Helicopter 2.0: Sikorsky’s S-92


 In 2007, Eurocopter partnered with Hermès to complete a special version of its EC-135 model, aptly named l’Hélicoptère par Hermès.

No longer the sole province of covert operatives and emergency rescue missions, helicopters are the accessory par excellence for those who live the haute life. Busy executives continue to opt for these propeller-powered aircrafts for short trips ranging anywhere from 50 to 500 miles in distance, while the social set use the crafts to avoid the traffic snarls on Highway 27 on a Friday evening. Their vertical take-off and landing capability allows helicopters to alight virtually anywhere that has enough space to park an SUV-meaning rooftops, beaches, yachts, and backyards are all fair game. Helicopters are upping the ante for entrance makers all over the world while evading the rules of earthbound transportation.

When it comes to the ultimate chopper, it doesn’t get much better than Sikorsky’s S-92, the model that put luxury helicopter travel on the map. Its predecessor, the S-76 (named after the year it was born), was the first to combine the comfort of business travel with a propeller-powered aircraft. While the S-92 is comparable to the earlier model in capability and appearance, the key difference is size. With the least spacious layout, the S-92 can accommodate up to 24 people. When the interior is configured in a more executive-friendly layout-complete with swiveling leather captain’s chairs, a galley, wet bar, flat-panel TVs, closets, and bathroom-the aircraft comfortably seats nine. Due to the grand size and $18 million price tag, there is only a small handful of private owners in the United States.

For personal travel, medium sized aircrafts are more popular. The Bell 429 helicopter is this year’s most anticipated release in the mid-sized category. Three hundred models have been pre-ordered and are due for delivery this summer. Only the sound-insulated luxury interiors rival the helicopter’s superb level of technology, which ensures extra smooth landings and makes it one of the fastest models of its size. The speed capability was a key deciding factor for a number of emergency medical service outfits that are eagerly waiting to add the Bell 429 to their fleets.

Like the engineers that are continuously resetting the standards for helicopter aviation, today’s pilots believe that records exist to be broken. In February, Virginia businessman Scott Kasprowicz completed the fastest transcontinental helicopter flight from Los Angeles to New York in a standard-model AgustaWestland Grand. Not one to rest on his laurels, he is currently preparing for his next challenge. This July, he will attempt to set the speed record for an around-the-world helicopter flight in the same model used during the successful February mission. According to Kasprowicz, he would not attempt his upcoming voyage without the unprecedented fuel-efficiency and reliability that the Grand delivers.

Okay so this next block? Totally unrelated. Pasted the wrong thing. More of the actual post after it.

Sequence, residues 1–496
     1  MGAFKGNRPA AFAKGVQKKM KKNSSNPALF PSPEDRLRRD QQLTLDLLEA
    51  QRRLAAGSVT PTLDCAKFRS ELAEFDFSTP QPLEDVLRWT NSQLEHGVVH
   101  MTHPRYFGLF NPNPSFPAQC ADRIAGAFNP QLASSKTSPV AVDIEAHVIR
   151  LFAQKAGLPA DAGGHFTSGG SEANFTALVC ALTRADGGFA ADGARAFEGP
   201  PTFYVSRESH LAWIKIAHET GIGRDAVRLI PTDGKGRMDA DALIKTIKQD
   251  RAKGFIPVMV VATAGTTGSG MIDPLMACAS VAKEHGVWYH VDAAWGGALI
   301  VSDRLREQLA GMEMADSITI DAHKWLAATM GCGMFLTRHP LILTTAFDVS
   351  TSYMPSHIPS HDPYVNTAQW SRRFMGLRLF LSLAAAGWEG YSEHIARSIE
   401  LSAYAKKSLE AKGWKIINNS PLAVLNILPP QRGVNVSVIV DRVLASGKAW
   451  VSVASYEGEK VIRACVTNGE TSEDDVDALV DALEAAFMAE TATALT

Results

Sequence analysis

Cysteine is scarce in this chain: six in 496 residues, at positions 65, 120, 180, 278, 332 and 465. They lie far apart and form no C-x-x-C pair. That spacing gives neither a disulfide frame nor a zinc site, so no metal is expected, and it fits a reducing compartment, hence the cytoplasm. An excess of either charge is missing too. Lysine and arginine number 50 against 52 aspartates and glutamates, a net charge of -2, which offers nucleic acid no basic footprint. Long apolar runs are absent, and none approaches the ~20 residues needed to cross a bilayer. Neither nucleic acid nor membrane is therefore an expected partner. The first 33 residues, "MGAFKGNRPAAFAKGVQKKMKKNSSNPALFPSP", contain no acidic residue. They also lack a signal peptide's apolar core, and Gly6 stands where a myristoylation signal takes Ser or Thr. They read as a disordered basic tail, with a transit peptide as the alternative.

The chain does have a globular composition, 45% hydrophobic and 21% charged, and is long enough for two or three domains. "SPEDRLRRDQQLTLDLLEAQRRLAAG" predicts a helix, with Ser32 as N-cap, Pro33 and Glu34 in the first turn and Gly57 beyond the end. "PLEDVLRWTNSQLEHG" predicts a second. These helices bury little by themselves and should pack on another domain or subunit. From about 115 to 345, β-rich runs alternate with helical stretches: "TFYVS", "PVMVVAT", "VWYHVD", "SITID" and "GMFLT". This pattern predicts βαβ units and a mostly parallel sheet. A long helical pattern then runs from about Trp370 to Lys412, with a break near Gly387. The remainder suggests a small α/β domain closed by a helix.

In this industry, function drives form. Yet as technology heightens in sophistication and the number of private helicopters increases, aesthetics gain a higher level of importance. Two of the world’s foremost fashion houses have designed helicopters in the spirit of their brands. In 2007, Eurocopter partnered with Hermès to complete a special version of its EC-135 model, aptly named l’Hélicoptère par Hermès. The EC-135 is a twin engined multi-mission helicopter with a spacious cabin that can accommodate up to five passengers, a pilot, and several pieces of luggage. L’Hélicoptère par Hermès is technically a standard EC-135 but is made complete by guidance from Eurocopter’s engineers alongside utlraluxe finishings that are distinctly Hermès. The interior features calf leather seats and leather-trimmed controls; the cabin is wallpapered with the house’s Toile H canvas; and, as with all Hermès goods, no detail is overlooked; the craft even comes equipped with binoculars so passengers can take full advantage of the eagle eye view. The exterior is white, with a ribbon of the house’s signature orange along the fuselage. The limited-edition helicopter is available for private purchase beginning this summer.

Hermès was not the first fashion house to put their eye on the sky; Versace designed an interior for the AgustaWestland AW139 last summer. In atypical Versace fashion, it is a monochromatic black and white, though the craft is lined with Medusa heads ubiquitous to the brand.

Some helicopter owners opt to take aesthetic concerns into their own hands. Challenged to find an eye-catching color for his Bell UH-1H for an air show, Northwest Helicopter owner Brian Reynolds found inspiration in his yellow Viper SRT/10 Coupe. The popularity of this matching set confirms the helicopter’s well-deserved place in the pantheon of must-have lifestyle accoutrements. The flashy duo certainly served its purpose at the show; it turned so many heads that there is currently a nine-month wait for similar customization.

Helicopter enthusiasts caught a glimpse of the future when Bell/Agusta launched the first civilian tiltrotor craft, the BA609. This hybrid combines the vertical launch capabilities of a helicopter with the speed, altitude, and comfort of a fixed wing airplane. This is the ultimate executive’s dream machine, seating up to nine passengers in its incomparably quiet fuselage and moving at twice the speed of helicopters of a similar capacity. The availability of the BA609 comes as good news for the chronically overbooked. Conceivably, one could take off in London, attend meetings in Paris, Milan, and Geneva, and be back in London in time for dinner, giving new meaning to the phrase “upward mobility,” and changing the way most companies and individuals perceive private aviation.